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Old August 5, 2004, 02:11 PM
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Habibul_bashar Habibul_bashar is offline
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Default God will save Bangladesh from the floods

God will save Bangladesh from the floods, may we hope, as He has done many a time by His infinite kindness. The government’s well-televised effort will be only a minuscule part of God’s invisible hand. This part of the fact is already proven.
In any case, given the magnitude of the floods, now and in the past, a resourceless Bangladesh government can do little but pray for the water to recede and the sun to shine. A little more sensible behaviour, however, could have spared the nation the brazen comments of some major and minor ministers. But then some are incorrigible. But their comedy turns out to be a tragedy for us because they act at the expense of the suffering people.
When a great deluge submerged two-thirds of the country in 1998 the government of Sheikh Hasina was slow in starting rescue and relief work, for which we had criticised it. This year, the government of Khaleda Zia appeared to be trying at the beginning to wish away the flood. This government seemed to have kept itself ignorant of the fact that in neighbouring India huge areas in Bihar had been under water for over a month and that Nepal was experiencing heavy rainfall. These waters had no other way but to flow through Bangladesh. We saw it all happening because of foreign television broadcasts, which we receive in our drawing rooms or even bedrooms each day, many times over. So, only the government can say why it deluded itself into believing that the floods were going to be localised and short-lived. It has not been so, unfortunately. And now we have not only hundreds of thousands of people at relief centres, which had to be opened, but we also have many millions standing in water or barely afloat, anxiously waiting for a morsel of food.
The suffering that is taking place now is not a new experience in Bangladesh. Thousands of reams of paper have been used up to print what should be done in such a situation, what can be done and what should not be done in such situations. Heroes and heroines have been made out of the poor sufferers who used their own ingenuity to survive. Had those books and manuals been dusted regularly and any one of those had been read by anyone important in the government two months ago, many of the marooned could be helped much better than is being done. Incidentally, a well-informed journalist told us yesterday that after attending a discussion on the floods he came away with the distinct feeling that even now there is no centralised authority in the government for dealing with the situation arising out of the present floods.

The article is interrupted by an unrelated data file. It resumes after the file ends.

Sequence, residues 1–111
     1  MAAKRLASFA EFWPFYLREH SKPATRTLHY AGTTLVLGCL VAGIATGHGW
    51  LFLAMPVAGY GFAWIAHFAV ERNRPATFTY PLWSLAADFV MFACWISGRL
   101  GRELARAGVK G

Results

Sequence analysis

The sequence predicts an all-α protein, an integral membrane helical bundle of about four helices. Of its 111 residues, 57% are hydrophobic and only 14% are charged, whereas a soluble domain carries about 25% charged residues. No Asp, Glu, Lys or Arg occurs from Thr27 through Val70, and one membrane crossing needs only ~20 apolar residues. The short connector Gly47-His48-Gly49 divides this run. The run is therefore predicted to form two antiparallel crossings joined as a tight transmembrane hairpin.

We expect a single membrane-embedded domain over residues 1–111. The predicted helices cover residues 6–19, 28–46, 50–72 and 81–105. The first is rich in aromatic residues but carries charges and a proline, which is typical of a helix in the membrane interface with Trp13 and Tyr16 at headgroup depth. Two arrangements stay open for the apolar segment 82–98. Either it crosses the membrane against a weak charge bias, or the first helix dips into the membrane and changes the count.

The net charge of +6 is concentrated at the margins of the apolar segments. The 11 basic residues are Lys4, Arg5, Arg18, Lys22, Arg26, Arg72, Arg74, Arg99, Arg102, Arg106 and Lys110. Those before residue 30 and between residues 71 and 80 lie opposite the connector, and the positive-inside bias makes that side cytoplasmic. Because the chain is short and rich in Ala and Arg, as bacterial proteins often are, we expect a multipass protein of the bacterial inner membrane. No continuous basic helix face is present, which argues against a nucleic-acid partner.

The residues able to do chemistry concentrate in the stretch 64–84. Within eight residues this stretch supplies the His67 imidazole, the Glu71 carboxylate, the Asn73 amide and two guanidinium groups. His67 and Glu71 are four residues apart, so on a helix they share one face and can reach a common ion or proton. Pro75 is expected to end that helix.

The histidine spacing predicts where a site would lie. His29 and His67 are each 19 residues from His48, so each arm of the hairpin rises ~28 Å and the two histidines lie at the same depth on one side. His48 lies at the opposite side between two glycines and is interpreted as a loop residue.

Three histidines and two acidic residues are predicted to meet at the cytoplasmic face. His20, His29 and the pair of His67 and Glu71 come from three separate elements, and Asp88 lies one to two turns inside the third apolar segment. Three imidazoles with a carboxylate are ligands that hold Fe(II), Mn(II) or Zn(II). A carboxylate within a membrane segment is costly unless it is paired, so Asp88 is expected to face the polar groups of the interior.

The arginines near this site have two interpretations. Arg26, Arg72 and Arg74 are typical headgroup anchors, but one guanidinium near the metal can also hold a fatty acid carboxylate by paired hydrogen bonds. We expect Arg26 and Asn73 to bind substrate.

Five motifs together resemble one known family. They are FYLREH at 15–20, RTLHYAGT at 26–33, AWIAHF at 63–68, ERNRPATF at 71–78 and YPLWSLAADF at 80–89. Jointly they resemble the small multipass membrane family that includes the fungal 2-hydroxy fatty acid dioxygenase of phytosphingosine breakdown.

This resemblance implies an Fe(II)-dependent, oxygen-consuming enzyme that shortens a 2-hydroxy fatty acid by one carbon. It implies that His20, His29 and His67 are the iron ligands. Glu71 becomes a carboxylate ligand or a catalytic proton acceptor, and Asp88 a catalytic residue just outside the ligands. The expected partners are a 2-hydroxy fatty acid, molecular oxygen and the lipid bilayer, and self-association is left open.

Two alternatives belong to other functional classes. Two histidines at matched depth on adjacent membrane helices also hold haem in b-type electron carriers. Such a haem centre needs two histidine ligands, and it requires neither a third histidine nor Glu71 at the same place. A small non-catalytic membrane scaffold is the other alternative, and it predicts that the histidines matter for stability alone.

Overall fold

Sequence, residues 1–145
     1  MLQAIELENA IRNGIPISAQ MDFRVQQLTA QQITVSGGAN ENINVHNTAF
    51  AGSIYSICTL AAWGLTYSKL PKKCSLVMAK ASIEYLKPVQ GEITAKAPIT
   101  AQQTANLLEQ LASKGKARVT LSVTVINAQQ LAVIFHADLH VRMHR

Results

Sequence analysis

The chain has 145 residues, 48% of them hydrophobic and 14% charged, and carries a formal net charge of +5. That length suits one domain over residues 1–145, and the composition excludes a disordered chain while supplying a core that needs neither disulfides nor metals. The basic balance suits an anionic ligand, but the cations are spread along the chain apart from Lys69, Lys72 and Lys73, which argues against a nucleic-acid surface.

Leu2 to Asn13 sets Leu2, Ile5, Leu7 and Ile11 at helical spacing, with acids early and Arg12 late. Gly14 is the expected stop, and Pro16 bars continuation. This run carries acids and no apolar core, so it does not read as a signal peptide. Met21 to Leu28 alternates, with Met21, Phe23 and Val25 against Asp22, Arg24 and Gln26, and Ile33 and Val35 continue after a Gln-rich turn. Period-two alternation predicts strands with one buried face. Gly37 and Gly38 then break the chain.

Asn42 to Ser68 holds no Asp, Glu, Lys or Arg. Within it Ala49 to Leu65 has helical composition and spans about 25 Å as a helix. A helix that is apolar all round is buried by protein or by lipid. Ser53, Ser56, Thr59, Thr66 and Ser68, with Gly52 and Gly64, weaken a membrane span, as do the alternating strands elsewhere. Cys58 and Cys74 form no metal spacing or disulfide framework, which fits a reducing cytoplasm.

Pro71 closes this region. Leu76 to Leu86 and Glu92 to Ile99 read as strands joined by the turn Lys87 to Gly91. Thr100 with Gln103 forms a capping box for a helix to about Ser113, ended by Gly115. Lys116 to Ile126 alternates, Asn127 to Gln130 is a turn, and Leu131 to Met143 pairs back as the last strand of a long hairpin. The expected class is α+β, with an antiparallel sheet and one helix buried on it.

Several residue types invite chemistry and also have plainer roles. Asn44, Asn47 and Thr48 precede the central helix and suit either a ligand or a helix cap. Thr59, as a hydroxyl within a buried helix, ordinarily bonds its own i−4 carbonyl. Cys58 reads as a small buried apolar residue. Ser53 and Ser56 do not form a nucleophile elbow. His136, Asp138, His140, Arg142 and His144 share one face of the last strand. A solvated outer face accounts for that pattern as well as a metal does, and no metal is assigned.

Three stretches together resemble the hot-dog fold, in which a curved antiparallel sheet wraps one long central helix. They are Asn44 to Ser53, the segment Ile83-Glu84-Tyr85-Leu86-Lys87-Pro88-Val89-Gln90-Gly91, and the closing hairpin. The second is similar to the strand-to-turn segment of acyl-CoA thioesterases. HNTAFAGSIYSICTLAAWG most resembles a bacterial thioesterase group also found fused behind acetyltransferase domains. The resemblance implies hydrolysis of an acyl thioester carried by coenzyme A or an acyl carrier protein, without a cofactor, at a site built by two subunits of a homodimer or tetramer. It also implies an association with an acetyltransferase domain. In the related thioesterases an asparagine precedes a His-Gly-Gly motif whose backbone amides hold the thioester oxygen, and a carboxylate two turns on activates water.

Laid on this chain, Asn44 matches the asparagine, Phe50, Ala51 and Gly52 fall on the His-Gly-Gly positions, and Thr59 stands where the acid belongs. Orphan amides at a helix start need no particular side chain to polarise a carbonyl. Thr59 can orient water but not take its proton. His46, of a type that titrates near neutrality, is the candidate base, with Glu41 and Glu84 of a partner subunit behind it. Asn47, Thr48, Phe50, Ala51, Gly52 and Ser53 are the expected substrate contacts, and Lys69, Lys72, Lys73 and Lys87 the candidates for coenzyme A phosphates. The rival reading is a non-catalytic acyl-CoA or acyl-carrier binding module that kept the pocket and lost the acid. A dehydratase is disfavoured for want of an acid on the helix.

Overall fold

Meanwhile, hungry and emaciated flood victims have complained not only about inadequacy of relief but also of corruption. Political partisanship is also hampering relief operations even though Bangladesh Television is trying to show that ministers, donning hunting safari suits and waterproof boots, are making nearly Herculean efforts to distribute relief. But the cat is let out of the bag when the same ministers are seen smiling on comfortable, motorised boats as if they are on a pleasure cruise.
Now, glum-faced experts have forecast that another wave of flood is coming. This should make the people of Bangladesh, especially those who have the means and are still living on dry land, to get ready to help flood victims.
During and after the 1998 floods we learnt from many flood-affected persons that they had survived with the help given by relatives and neighbours. Money borrowed from families of Bangladeshi wage earners abroad played a big role both in their survival as well as in the recovery activities after the floods. Thus we have to give as much importance, perhaps more, to help from private citizens although individual efforts will inevitably look like a drop in the ocean. But then drops put together create the sea. We will welcome such efforts.
Just now the government is needed most in carrying out rescue operations, bringing helpless persons to relief centres and reaching relief to remote areas. The government has made a mess of asking for help from abroad. But now what it ought to do is to make an appeal to the people of the country to come to the aid of their brothers and sisters.
We hope that the flood will not last till the middle or end of September. In that case rehabilitation and recovery work can be carried out, following earlier examples. There will, however, be new problems this year because of large-scale erosion and land going waste under sand carried by floodwaters.
The unseen but bigger problem will be an increase in poverty. During and after the floods many people will become poor again and many others will join the ranks of the poor.
May God help us in our struggle to reach better days.
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